Chilean Outflow Investments Poured into Brazil’s Giant Cup
Brazil’s vibrant economy has given its neighbours significant opportunities to invest and expand on its territory. According to the Financial Times, Brazil’s “fertile ground” for businesses has provoked Chile to rank as one of the biggest sources of outwards investment in the region. Data from last year shows that Chilean companies have made a total of $12 billion (£7.5 billion) direct investments abroad, more than any other country in Latin America and the Caribbean.
Chilean companies, having reached maximum saturation in the domestic markets, turned to Brazil for new prospects. The family-owned housebuilder Paz has been selling small and cheap apartments for decades on Chilean turf and since 2010 has expanded into the Brazilian property market. According to Mario Navarro, Paz’s local head, the construction company has done well for itself. “We have something that didn’t exist in Brazil. The smallest apartments in Brazil were at least 45 square metres, and we offered 32sq m.” said Mr Navarro as quoted by the FT.
!m(/uploads/story/516/thumbs/pic2_inline.png)Cencosud (NYSE:CNCO), the largest Chilean retail company and the third largest retail company in Latin America, has heavily invested in Brazilian stores with its reach now spanning from the north-east all the way to Rio de Janeiro. The company made its initial public offering on the New York Stock Exchange on 22 June and managed to raise some $1.3 billion (£807 million), which could potentially be used to buy more small chains in Brazil and dig deeper into the vast market of 190 million consumers.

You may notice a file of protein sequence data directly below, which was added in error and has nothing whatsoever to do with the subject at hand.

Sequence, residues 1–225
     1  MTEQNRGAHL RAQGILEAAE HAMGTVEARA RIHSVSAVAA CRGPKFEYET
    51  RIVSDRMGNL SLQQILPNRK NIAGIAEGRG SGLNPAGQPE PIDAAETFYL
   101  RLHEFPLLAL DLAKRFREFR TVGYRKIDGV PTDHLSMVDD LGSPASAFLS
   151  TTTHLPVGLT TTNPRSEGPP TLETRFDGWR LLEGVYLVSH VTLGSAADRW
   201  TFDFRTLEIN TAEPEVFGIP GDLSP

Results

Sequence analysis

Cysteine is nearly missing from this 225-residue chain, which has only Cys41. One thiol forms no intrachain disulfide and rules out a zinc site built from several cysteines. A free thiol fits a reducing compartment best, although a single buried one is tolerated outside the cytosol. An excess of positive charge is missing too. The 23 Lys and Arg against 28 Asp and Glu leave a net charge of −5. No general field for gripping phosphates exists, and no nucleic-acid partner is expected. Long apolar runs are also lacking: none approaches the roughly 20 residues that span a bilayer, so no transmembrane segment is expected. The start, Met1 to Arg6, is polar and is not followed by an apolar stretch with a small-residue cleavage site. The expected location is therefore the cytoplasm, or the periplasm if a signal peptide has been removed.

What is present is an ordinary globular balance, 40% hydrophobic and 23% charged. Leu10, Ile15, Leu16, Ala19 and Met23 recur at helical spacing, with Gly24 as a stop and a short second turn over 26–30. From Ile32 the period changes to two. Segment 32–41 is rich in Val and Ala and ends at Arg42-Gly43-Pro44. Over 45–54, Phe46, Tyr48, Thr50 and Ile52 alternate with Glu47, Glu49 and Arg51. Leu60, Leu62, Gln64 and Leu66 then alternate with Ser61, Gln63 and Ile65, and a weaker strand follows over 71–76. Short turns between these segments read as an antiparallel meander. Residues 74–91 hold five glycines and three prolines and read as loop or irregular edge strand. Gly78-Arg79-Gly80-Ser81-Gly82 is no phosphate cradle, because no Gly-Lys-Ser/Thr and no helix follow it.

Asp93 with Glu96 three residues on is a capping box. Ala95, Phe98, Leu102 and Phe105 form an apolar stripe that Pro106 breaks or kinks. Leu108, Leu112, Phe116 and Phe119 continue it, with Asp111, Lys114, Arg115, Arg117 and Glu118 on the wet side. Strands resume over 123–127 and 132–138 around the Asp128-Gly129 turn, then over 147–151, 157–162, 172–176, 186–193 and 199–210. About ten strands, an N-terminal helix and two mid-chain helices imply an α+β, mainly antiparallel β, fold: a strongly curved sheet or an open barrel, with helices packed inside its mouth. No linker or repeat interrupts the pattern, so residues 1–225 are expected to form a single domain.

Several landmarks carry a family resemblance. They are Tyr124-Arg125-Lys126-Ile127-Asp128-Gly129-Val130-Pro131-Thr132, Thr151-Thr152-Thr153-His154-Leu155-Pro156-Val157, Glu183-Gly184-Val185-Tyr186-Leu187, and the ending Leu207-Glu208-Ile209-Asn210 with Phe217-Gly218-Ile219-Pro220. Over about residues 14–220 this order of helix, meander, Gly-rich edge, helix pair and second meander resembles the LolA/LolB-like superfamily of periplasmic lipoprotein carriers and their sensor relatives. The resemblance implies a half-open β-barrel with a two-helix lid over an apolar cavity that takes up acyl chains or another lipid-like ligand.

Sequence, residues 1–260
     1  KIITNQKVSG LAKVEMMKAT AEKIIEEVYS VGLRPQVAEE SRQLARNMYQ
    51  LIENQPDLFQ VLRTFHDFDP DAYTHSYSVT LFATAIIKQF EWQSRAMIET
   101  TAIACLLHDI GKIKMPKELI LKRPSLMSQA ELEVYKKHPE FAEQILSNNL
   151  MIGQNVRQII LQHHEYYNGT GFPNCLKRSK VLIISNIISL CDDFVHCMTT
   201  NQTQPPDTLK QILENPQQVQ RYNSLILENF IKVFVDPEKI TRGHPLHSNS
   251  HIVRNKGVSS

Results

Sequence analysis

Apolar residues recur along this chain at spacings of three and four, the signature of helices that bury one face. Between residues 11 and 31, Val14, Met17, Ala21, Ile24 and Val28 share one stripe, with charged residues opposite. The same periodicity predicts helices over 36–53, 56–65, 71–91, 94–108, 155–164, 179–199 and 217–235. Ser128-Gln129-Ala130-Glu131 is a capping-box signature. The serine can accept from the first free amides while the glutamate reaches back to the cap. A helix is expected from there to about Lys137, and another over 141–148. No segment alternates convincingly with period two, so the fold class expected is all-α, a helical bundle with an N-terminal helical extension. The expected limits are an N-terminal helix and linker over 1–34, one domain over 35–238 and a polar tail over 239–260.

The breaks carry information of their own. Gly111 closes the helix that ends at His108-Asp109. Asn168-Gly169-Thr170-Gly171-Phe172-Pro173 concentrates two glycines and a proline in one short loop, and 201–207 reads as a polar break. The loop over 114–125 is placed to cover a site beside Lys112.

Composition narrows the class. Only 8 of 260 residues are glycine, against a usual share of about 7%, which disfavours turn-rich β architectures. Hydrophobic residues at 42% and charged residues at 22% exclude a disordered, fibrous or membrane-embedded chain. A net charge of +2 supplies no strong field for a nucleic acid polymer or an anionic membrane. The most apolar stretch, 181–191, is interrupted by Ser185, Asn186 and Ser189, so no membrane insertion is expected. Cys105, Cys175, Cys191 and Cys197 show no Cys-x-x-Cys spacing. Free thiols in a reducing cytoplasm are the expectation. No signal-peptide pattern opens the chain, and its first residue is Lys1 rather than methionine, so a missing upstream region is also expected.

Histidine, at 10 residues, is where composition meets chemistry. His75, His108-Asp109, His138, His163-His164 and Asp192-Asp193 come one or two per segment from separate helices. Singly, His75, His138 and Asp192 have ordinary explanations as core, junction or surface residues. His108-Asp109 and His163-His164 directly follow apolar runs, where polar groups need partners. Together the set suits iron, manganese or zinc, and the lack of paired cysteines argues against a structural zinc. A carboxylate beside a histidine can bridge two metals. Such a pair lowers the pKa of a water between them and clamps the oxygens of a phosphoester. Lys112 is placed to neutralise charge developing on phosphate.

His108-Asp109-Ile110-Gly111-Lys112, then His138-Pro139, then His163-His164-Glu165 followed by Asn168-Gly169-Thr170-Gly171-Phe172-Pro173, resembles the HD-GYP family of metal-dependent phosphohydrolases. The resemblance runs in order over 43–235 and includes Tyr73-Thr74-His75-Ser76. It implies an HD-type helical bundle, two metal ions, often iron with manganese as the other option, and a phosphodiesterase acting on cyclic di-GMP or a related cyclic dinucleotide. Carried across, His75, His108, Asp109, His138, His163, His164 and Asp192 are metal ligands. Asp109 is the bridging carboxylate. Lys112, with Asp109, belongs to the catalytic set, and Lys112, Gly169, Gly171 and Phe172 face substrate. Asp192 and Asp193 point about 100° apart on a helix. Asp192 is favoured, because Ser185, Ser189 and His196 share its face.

Tam and Lan, Brazil and Chile’s biggest airlines, merged in June this year and created the world’s second-largest carrier in terms of market capitalization. It was far from an easy task as it took almost two years to win approval from the antitrust authorities in both countries. The new Latam Airlines Group (NYSE:LFL) can now be seriously competitive on international level, especially when it comes to flights to the US’s eastern seaboard and Asia.
Doing business with Brazil can sometimes get very complicated due to unpredictable regulations and its fluctuating currency. After six painful years of continued effort to develop its business in Brazil, Chilean pharmacy chain Farmacias Ahumada abandoned the venture and pulled out of the country.
Another issue is the unpredictability of some Brazilian companies and their detachment from shareholders. As reported by the FT, GoL, Brazil’s second biggest airline, said on Monday 1 October it is going to make an “important announcement” later in the day. With its half-year net loss of $354 million (£220 million), a series of job cuts and route reductions, investors were doubtless filled with joy that the company would most probably finally be sold. The stocks of the carrier jumped 11 percent pushed by investors’ sentiment of expectation for attractive premiums to be offered in the upcoming deal. Later on Monday GoL announced it is buying 60 Boeing 737 MAX, which will be delivered as of 2018 and not a word was said about selling the company. Shareholders were left with jaws hanging and stocks plunged by more than 10 percent. The mix-up is an explicit example of how strongly some investors feel about the weak state of not only GoL but the Brazilian airline sector as a whole and how faulty is the relationship between management and shareholders in some Brazilian companies.
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